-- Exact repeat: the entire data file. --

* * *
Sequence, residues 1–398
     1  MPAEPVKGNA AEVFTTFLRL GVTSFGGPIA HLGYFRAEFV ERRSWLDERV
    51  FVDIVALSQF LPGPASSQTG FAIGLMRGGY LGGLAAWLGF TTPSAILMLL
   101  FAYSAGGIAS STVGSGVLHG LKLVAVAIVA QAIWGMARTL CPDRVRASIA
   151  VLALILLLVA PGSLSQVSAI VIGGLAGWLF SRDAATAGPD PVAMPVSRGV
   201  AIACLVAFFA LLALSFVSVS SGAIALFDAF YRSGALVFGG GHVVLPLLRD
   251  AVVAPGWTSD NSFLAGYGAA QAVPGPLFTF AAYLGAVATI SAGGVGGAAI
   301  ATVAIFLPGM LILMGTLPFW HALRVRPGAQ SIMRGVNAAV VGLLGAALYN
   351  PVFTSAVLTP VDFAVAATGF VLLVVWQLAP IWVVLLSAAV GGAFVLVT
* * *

Sequence, residues 1–398
     1  MPAEPVKGNA AEVFTTFLRL GVTSFGGPIA HLGYFRAEFV ERRSWLDERV
    51  FVDIVALSQF LPGPASSQTG FAIGLMRGGY LGGLAAWLGF TTPSAILMLL
   101  FAYSAGGIAS STVGSGVLHG LKLVAVAIVA QAIWGMARTL CPDRVRASIA
   151  VLALILLLVA PGSLSQVSAI VIGGLAGWLF SRDAATAGPD PVAMPVSRGV
   201  AIACLVAFFA LLALSFVSVS SGAIALFDAF YRSGALVFGG GHVVLPLLRD
   251  AVVAPGWTSD NSFLAGYGAA QAVPGPLFTF AAYLGAVATI SAGGVGGAAI
   301  ATVAIFLPGM LILMGTLPFW HALRVRPGAQ SIMRGVNAAV VGLLGAALYN
   351  PVFTSAVLTP VDFAVAATGF VLLVVWQLAP IWVVLLSAAV GGAFVLVT